A conservative premier “condemns” the extremists he’s benefitted from for years
Like much of the political right in North America, Ontario Premier Doug Ford has a right wing extremism problem. On one hand, he’s savvy enough to know in the wake of extremist violence on January 6th that he has to distance himself from it in the minds of voters, but on the other hand he can’t afford to alienate the extremists that represent the most fervent core of his support base. He finally issued a public statement that he “condemns all individuals and groups that incite violence and hate, including the Proud Boys.” With the Proud Boys having just participated in a live streamed attempted coup, that should count as a political no brainer, but it still took days of goading by opposition parties to get him to even go that far. It’s also a meaningless bit of hot air. If Ford was interested in deplatforming or disempowering groups that incite hate, he would actively do something about it, but he’s backed into a corner where any effort to defang growing extremism can only serve to shoot himself in the foot, and for modern conservatism, the pursuit of power is everything.
Ford has been chummy with such groups for years. White supremacists actively campaigned for him, excited from the very moment that he was elevated to his party’s leadership. The Proud Boys not only loved him, they once named him their Proud Boy of the Month. There’s a pile of photographs of Ford smiling with well known white supremacists, including Faith Goldy, who managed to be so garishly racist in public that she became even too toxic for “Rebel Media,” Canada’s answer to Fox “News” and OAN, whose bread and butter is promoting intolerance and which also served as the launching point for Gavin McInnes, the founder of the Proud Boys. After he published a column entitled “Ten Things I Hate About Jews” through the Rebel, McInnes was fired, too, but not for long, and eventually he was welcomed back with open arms to continue using them as a megaphone for spreading hate.
None of this public intolerance was enough to convince Doug Ford to condemn Faith Goldy when she ran for mayor of Toronto. After all, she hadn’t taken selfies of herself in the middle of a violent coup attempt. She had only appeared on an explicitly neo Nazi podcast after reporting in glowing terms about how wonderful the white supremacists at the Charlottesville rally were on the same day that one of them famously murdered a counter protester. Once again, it was only after several disastrous days of public pressure that he finally issued a statement back then about how he condemned people who spread hate speech. After being friendly with them for years. We need to understand that he doesn’t mean it now any more than he meant it then.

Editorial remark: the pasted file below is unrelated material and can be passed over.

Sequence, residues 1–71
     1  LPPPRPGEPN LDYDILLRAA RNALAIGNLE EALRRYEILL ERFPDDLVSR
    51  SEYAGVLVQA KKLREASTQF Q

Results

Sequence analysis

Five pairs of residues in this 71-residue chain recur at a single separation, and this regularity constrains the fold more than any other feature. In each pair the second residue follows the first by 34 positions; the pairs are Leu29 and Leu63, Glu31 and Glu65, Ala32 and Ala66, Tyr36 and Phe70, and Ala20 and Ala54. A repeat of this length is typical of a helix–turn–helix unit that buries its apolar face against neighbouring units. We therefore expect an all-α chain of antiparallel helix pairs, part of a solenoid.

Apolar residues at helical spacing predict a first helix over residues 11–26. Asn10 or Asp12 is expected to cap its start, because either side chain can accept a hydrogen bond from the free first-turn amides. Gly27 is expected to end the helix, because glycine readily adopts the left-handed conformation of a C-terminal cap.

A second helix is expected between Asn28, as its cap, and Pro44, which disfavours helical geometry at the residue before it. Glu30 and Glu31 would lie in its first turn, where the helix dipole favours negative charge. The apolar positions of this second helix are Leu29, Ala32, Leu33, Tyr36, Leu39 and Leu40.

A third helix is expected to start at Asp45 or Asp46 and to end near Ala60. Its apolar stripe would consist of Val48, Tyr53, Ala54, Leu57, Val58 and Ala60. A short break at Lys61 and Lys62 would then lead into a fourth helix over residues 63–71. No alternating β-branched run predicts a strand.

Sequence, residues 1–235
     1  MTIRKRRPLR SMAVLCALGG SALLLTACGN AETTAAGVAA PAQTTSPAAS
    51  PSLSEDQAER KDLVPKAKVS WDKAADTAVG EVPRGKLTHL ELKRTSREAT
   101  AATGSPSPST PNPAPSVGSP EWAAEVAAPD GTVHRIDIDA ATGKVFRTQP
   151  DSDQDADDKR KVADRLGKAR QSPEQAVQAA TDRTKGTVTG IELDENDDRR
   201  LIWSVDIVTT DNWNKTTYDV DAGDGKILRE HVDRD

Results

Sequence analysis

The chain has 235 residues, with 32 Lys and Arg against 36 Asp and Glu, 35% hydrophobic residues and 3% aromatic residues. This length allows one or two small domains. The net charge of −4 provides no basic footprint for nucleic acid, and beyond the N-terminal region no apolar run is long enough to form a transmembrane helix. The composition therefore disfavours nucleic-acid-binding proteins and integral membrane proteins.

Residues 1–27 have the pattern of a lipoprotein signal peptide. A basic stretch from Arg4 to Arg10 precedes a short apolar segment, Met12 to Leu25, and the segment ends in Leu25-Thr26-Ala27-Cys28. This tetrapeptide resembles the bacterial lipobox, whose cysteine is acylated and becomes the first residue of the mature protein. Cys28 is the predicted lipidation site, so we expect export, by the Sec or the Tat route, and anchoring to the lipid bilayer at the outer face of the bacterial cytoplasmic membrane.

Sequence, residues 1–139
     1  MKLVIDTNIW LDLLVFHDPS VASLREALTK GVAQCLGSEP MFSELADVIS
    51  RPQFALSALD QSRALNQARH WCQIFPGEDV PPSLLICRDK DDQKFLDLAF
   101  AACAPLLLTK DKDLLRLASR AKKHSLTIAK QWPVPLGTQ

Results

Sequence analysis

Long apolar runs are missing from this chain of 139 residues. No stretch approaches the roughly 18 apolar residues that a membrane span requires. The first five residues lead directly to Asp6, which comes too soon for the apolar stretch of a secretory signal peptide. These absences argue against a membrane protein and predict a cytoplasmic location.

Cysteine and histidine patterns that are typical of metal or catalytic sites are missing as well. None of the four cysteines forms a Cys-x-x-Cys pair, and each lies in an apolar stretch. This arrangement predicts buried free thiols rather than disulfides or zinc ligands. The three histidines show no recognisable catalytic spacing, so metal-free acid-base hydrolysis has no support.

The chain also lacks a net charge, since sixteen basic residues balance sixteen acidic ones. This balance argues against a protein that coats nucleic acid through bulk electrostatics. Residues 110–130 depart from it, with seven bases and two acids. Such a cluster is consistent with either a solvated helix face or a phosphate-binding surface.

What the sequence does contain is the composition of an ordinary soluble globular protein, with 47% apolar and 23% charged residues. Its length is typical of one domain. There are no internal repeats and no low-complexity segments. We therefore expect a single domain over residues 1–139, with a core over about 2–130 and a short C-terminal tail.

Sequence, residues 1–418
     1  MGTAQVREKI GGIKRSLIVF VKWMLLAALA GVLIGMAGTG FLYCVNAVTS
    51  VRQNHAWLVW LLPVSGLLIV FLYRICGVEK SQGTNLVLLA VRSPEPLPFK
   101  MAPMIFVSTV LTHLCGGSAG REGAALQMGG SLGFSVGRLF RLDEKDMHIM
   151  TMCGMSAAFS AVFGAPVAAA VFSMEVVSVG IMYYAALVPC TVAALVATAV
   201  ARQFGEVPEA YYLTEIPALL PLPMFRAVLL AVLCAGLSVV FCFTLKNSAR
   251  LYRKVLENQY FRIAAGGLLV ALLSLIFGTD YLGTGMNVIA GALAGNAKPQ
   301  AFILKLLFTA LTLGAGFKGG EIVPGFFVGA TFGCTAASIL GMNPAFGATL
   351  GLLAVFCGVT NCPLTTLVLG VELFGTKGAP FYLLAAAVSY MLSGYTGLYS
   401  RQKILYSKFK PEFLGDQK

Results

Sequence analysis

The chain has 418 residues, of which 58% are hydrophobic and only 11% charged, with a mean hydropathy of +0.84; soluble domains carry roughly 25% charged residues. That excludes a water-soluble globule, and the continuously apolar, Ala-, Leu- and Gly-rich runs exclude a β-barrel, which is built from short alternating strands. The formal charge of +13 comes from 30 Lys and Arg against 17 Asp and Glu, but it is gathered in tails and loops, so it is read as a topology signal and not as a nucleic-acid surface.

That same year, one of the candidates running for Doug Ford’s Conservative party in a provincial election, Donna Skelly from the Hamilton riding of Flamborough-Glanbrook, drew ire for her appearance at an event for conservative youth groups from McMaster University and Mohawk College, where she actively endorsed a website promoting far right extremists, including prominent white supremacists who had been charged with hate crimes. “We need more media like this!” she proclaimed, waving around a red hat (modelled after Trump’s iconic MAGA hats) which advertised the far right platform for extremist propaganda. Fun fact: one of the hate mongers featured on the site is the same prominent white supremacist whose political donation to politician Derek Sloan was used as an excuse to expel him from the federal Conservatives’ caucus when their leader Eric O’Toole was looking for a token sacrifice to distance his party from the hateful ideology complicit in the attempted coup.